Most evergreen trees are pruned when they have finished their period of growth in late summer through fall. Pine trees, however, because of a distinct growth pattern, are best trimmed in late spring or early summer. Even then, care should be given to determine the development of the new growth, called "candles." Pines are a poor choice for non-selective forms of pruning; a poorly done trim can lead to a misshapen pine tree.
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Trimming Pines for Form and Density.
Pine trees are beautiful evergreens, admired by many cultures and found around the world. They are, however, tricky to prune. Where many deciduous trees and even some non-pine evergreens will put out new growth on old wood easily, pines tend to grow from the tips out and resist putting out new growth on old wood from previous seasons. Likewise they grow from whorls at the very tip of their new growth; the whorls can either be allowed to reach maturity or be trimmed short. Either option will determine the ultimate length of the new growth for that year.
With this in mind, there is clearly only one good time for pruning a pine to achieve an effect on height, shape and density of branch and foliage: during the time of new growth.
New growth on pines are called "candles" for the simple reason that in most species they look like pale candles growing at the tips of the branches and at the very top of the tree. Sometimes the candles look like the elegant candles on a table. In earlier stages they can look as skinny and slight as the candles on a birthday cake. They are, however, easy to notice during the growth seasons. They tend to form clusters, they are of a lighter color than the older growth, the needles are shorter and the candles are not filled out into fluffy, wide-open pine needle sprays.
To control the length of the growth for the year, to create greater density of growth, and to alter the form of the tree, the candles must be trimmed. But don't simply grab your pruning sheers and start snipping. Without a bit of knowledge you can create a mess that will last for the life of the pine.
The Art of Budding
Some of the very best information on how and why to trim pine trees in particular ways can be found in writings on the art of bonsai. Because the effort to shape a miniature pine is so precise the information is superb and can be applied without as much rigor to a larger tree.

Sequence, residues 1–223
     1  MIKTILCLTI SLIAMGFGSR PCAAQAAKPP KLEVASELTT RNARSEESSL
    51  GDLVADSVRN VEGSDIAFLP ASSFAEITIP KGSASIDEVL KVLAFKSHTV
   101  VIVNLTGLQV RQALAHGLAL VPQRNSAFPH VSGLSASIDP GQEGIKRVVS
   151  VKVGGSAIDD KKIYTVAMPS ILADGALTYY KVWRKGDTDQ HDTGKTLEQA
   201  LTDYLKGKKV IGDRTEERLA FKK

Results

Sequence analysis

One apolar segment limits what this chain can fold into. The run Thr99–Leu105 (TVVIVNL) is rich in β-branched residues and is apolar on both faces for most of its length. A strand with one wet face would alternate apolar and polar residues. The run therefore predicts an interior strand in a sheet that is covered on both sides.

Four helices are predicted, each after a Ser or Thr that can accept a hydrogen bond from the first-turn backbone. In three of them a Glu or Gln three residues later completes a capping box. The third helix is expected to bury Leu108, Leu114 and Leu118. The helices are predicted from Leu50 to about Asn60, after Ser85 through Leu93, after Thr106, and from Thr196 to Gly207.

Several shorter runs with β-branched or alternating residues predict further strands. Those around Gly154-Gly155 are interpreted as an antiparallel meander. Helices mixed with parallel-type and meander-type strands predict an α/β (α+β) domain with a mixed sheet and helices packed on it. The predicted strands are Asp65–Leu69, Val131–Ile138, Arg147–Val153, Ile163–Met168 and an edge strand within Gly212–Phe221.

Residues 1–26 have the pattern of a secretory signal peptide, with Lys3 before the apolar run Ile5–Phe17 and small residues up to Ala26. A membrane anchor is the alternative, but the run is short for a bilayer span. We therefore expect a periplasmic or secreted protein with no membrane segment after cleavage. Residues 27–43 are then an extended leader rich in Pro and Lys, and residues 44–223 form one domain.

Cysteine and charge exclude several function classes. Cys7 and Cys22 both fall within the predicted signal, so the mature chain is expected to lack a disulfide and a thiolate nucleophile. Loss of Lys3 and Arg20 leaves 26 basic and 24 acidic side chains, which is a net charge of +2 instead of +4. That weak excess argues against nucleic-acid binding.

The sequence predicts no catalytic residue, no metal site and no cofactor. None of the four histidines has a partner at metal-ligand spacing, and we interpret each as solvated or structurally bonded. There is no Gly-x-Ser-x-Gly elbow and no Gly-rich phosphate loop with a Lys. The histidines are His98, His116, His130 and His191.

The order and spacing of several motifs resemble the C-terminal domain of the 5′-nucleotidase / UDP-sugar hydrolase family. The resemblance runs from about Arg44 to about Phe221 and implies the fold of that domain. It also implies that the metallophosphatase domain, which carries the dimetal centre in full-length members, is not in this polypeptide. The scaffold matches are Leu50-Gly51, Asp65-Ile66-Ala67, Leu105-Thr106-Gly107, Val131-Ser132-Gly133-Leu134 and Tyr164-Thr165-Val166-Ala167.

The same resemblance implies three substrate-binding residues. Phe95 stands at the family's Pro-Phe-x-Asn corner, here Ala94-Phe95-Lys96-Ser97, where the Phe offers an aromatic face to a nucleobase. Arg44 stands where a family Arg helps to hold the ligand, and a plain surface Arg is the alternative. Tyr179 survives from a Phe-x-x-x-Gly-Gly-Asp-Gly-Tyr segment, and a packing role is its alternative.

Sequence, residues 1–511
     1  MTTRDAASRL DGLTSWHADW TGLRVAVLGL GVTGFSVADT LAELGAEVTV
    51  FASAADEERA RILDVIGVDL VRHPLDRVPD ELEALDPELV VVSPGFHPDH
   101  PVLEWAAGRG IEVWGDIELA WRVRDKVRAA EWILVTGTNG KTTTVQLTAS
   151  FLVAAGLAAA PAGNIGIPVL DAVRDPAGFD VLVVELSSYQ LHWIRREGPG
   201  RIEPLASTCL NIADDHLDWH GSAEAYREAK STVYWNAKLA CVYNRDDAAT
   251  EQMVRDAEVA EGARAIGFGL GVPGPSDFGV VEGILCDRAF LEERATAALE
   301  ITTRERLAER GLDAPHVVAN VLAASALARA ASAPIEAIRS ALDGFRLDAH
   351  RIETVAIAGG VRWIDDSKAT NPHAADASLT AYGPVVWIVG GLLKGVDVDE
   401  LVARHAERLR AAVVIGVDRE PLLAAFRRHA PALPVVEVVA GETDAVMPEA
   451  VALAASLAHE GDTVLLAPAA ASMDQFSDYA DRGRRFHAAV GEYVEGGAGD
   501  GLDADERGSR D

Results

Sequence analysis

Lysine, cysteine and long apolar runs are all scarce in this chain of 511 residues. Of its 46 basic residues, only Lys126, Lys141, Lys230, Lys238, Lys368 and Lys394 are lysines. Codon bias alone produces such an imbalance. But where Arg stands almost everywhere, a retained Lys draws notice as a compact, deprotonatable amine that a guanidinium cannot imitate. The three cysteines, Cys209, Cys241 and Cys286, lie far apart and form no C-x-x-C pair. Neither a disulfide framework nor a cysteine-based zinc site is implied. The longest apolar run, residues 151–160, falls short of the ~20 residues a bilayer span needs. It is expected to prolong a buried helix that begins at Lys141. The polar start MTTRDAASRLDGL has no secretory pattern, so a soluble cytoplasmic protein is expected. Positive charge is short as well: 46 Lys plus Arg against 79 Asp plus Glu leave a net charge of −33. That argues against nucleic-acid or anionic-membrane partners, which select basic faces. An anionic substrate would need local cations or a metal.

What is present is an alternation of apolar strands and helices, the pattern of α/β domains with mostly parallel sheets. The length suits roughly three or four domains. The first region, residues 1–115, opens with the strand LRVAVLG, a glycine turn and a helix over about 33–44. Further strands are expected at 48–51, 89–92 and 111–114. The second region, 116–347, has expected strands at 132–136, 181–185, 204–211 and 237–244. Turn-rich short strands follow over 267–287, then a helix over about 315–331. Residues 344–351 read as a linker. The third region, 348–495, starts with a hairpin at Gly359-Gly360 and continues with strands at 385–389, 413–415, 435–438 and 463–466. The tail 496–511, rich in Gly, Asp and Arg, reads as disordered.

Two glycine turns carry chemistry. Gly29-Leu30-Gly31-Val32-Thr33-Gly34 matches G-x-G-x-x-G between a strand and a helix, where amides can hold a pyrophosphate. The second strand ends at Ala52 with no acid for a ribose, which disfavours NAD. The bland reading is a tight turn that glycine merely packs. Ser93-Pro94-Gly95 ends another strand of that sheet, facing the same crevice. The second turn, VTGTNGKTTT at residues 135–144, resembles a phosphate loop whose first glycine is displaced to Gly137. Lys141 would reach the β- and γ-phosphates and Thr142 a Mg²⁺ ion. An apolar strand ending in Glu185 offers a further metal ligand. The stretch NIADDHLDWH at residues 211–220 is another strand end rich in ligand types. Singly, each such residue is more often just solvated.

The two most applicable skills from bonsai are budding and candling. During late winter and very early spring buds are formed at the tips of pine branches, which will grow into candles. These buds look like little apple pips. The buds form in clusters and are easily identifiable. To control density of growth remove the strongest buds in areas where the tree is already very strong and built up, and where growth is weaker, remove the weaker buds leaving the strong in place. This will allow the tree to even out, keeping the density and the weight of the pine in balance.
A few weeks later, as the buds stretch out into candles, it is time to start thinking of candling, or trimming the candles of the pine. This takes two primary forms: one, complete removal, which should be done when it becomes apparent that there is too much strong growth or lopsided growth in an portion of the tree, or two, actual trimming of the candle.
The second technique offers enormous control over the shape and style of the tree. If you wish for a dense, tight tree prune the candles back in the early stages of growth, before the needles are fully formed. Cutting or pinching the tip of the candle ends the growth for that year and defines where the next year's growth will start. Depending on how long long you wish a branch to grow during this year of growth and how densely you want the needles to grow in relation to the branch, you will pinch out early or late in the growth cycle--or leave the candle untrimmed entirely.
An early trim, before the needles are fully formed, with lead to a very short, stunted branch. Needles will form at the base and the year's growth will end where you pinched out. A later trim allows the needles to form higher up the branch and presents a longer length of growth. Leaving the branch untrimmed allows the new growth to reach the maximum length nature and conditions allow.
The Top Of The Tree.
If you have ever bought a Christmas tree there is a good chance you have seen the result of poorly considered top trimming of a tree: a gnarly, knotted cluster of branches grouped around a short, dead stump, with one or more small side branches struggling to become a new central leader.
If you must top-prune a pine you need to give care to the choices you make. Cutting the candle of the top leader of the pine--the peak where a star or angel goes on a Christmas tree--will force new side branches to develop as replacement leaders. If you are dealing with a very young tree a choice to pinch the central candle can lead to a denser, brushier tree. In an older tree, however, it can lead to a sudden and disturbing burst of density in a tree that was less full overall.
Pines are beautiful trees. Pruned or unpruned they can be gems in the landscape. But if you wish to prune your pines take the time to study fully, and be sure you are acting with forethought and planning.